The current simile is that of fire, the consuming fire of passion (rāg-aggi), of craving for rebirth, which has to be extinguished, if a man is to attain a condition of indifference towards everything worldly, and which in the end, in its own good time, may lead to freedom from rebirth altogether, to certain and final extinction (parinibbāna).—Fire may be put out by water, or may go out of itself from lack of fuel. The ethical state called Nibbāna can only rise from within. It is therefore in the older texts compared to the fire going out, rather than to the fire being put out. The latter point of view, though the word nibbāna is not used, occurs in one or two passages in later books. See J. I, 212; Miln. 346, 410; SnA 28; Sdhp. 584. For the older view see M. I, 487 (aggi anāhāro nibbuto, a fire gone out through lack of fuel); Sn. 1094 (akiñcanaṃ anādānaṃ etaṃ dīpaṃ anāparaṃ Nibbānaṃ iti); S. I, 236 (attadaṇḍesu nibbuto sādānesu anādāno); S. II, 85 (aggikkhandho purimassa upādānassa pariyādānā aññassa ca anupāhārā anāhāro nibbāyeyya, as a fire would go out, bereft of food, because the former supply being finished no additional supply is forthcoming); sa-upādāno devānaṃ indo na parinibbāyati, the king of the gods does not escape rebirth so long as he has within him any grasping S. IV, 102; pāragū sabbadhammānaṃ anupādāya nibbuto A. I, 162; pāragato jhāyī anup° nibbuto, a philosopher, freed, without any cause, source, of rebirth A. IV, 290 (etc., see nibbuta). dāvaggi-nibbānaṃ the going out of the jungle fire J. I, 212; aggi nibbāyeyya, should the fire go out M. I, 487; aggikkhandho nibbuto hoti the great fire has died out Miln. 304; nibbuto ginī my fire is out Sn. 19. The result of quenching the fire (going out) is coolness (sīta); and one who has attained the state of coolness is sītibhūta. sītibhūto ‘smi nibbuto Vin. I, 8; Pv. I, 87; sītibhūto nirūpadhi, cooled, with no more fuel (to produce heat) Vin. II, 156; A. I, 138; nicchāto nibbuto sītibhūto (cp. nicchāta) A. II, 208; V, 65. anupādānā dīpacci viya nibbutā gone out like the flame of a lamp without supply of fuel ThA. 154 (Ap. 153).—nibbanti dhīrā yath’âyaṃ padīpo the Wise go out like the flame of this lamp Sn. 235. This refers to the pulling out of the wick or to lack of oil, not to a blowing out; cp. vaṭṭiṃ paṭicca telapadīpo jāleyya S. II, 86; Th. 2, 116 (padīpass’eva nibbānaṃ vimokkho ahu cetaso). The pulling out of the wick is expressed by vaṭṭiṃ okassayāmi (=dīpavaṭṭiṃ ākaḍḍhemi ThA. 117) cp. on this passage Pischel, Leben & Lehre des Buddha 71; Mrs. Rh. Davids, Buddhism 176; Neumann, Lieder 298). Pajjotass’eva nibbānaṃ like the going out of a lamp S. I, 159≈.

B. Since rebirth is the result of wrong desire (kāma, kilesa, āsava, rāga etc.), the dying out of that desire leads to freedom & salvation from rebirth and its cause or substratum. Here references should be given to: (1) the fuel in ethical sense (cp. A 1: aggi); (2) the aims to be accomplished (for instance, coolness=peace); (3) the seat of its realisation (the heart); (4) the means of achievement (the Path); (5) the obstacles to be removed.—1. Fuel=cause of rebirth & suffering: āsāva (intoxications). khīṇāsavā jutimanto to loke parinibbutā the wise who are rid of all intoxications are in this world the thoroughly free S. V, 29; sāvakā āsavānaṃ khayā viharanti A. IV, 83; kodhaṃ pahatvāna parinibbiṃsu anāsavā (are completely cooled) A. IV, 98; āsavakhīṇo danto parinibbuto Sn. 370; saggaṃ sugatino yanti parinibbanti anāsavā those of happy fate go to heaven, but those not intoxicated die out Dh. 126; nibbānaṃ adhimuttānaṃ atthaṅgacchanti āsavā Dh. 226; āsavānaṃ khayā bhikkhu nicchāto parinibbuto It. 49; vimutti-kusuma-sañchanno parinibbissati anāsavo Th. 1, 100.—kāmā (cravings) nikkāmo nibbano Nāgo Sn. 1131.—kilesa-(nibbāna) vice (only in certain commentaries). kilesa-nibbānass’âpi anupādā parinibbānass’âpi santike DhA. I, 286; upādānaṃ abhāvena anupādiyitvā kilesa-nibbānena nibbutā DhA. IV, 194.—nibbidā (disenchantment). Nibbānaṃ ekanta-nibbidāya virāgāya etc. saṃvattati S. II, 223; nibbijjha sabbaso kāme sikkhe nibbānaṃ attano Sn. 940.—rāga virāgo nirodho nibbānaṃ S. I, 136≈; desento virajaṃ dhammaṃ nibbānaṃ akutobhayan S. I, 192; yo rāgakkhayo (dosa° . . . moha° . . . ): idaṃ vuccati nibbānaṃ S. IV, 251, & same of Amata S. V, 8; chandarāga-vinodanaṃ nibbānapadaṃ accutaṃ Sn. 1086; kusalo ca jahati pāpakaṃ rāgadosamoha-kkhayā parinibbuto Ud. 85; ye ‘dha pajahanti kāmarāgaṃ bhavarāgânusayañ ca pahāya parinibbānagatā Vv 5324.—vana sabba-saṃyojan’atītaṃ vanā nibbānaṃ āgataṃ A. III, 346; nikkhantaṃ vānato ti nibbānaṃ KhA 151; taṇhā-saṅkhāta-vānâbhāvato nibbānaṃ SnA 253.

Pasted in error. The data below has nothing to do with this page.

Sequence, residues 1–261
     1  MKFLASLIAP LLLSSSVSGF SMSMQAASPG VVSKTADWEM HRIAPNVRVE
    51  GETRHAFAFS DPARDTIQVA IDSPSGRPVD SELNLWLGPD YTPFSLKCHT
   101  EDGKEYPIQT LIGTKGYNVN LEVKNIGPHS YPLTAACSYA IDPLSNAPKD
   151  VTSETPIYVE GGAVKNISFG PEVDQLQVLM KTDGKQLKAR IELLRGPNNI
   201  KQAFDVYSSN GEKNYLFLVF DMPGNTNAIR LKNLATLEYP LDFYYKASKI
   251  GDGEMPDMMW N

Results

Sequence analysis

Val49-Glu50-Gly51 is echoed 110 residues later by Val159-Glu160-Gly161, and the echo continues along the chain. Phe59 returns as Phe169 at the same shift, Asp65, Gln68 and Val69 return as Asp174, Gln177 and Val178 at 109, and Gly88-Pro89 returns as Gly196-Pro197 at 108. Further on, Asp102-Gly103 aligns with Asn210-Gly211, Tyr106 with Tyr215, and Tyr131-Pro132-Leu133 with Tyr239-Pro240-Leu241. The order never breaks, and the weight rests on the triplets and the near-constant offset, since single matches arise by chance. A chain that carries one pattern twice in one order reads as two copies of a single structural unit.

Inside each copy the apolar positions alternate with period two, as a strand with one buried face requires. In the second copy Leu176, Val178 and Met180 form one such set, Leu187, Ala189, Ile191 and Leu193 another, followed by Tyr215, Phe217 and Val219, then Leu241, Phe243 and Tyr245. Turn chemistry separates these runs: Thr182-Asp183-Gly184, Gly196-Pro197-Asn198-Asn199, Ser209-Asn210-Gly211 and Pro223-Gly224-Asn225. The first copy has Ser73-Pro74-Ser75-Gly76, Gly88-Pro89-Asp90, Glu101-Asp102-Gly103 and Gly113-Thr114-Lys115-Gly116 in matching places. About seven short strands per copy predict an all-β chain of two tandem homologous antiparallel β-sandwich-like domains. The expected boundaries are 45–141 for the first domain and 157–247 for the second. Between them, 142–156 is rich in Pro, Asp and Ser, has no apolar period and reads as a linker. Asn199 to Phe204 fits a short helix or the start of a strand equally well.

2. Aims: khema (tranquillity). ātāpī bhikkhu nibbānāya bhabbo anuttarassa yogakkhemassa adhigamāya It. 27; ajaraṃ amaraṃ khemaṃ pariyessāmi nibbutiṃ J. I, 3; acala (immovable, not to be disturbed). patto acalaṭṭhānaṃ Vv 514; accuta (stable) patthayaṃ accutaṃ padaṃ S. III, 143; chandarāga-vinodanaṃ nibbānapadaṃ accutaṃ Sn. 1086. nekkhamma (renunciation, dispassionateness). vanā nibbānaṃ āgataṃ kāmehi nekkhammarataṃ A. III, 346.—pāragū (victor). pāragū sabbadhammānaṃ anupādāya nibbuto A. I, 162 (cp. A. IV, 290 with tiṇṇo pāragato).—santipada (calm, composure). santī ti nibbutiṃ ñatvā Sn. 933; santimaggaṃ eva brūhaya nibbānaṃ sugatena desitaṃ Dh. 285; s. =acala VvA. 219.—samatha (allayment, quietude). sabbasaṅkhārasamatho nibbānaṃ S. I, 136≈.—sotthi (welfare). saccena suvatthi hotu nibbānaṃ Sn. 235.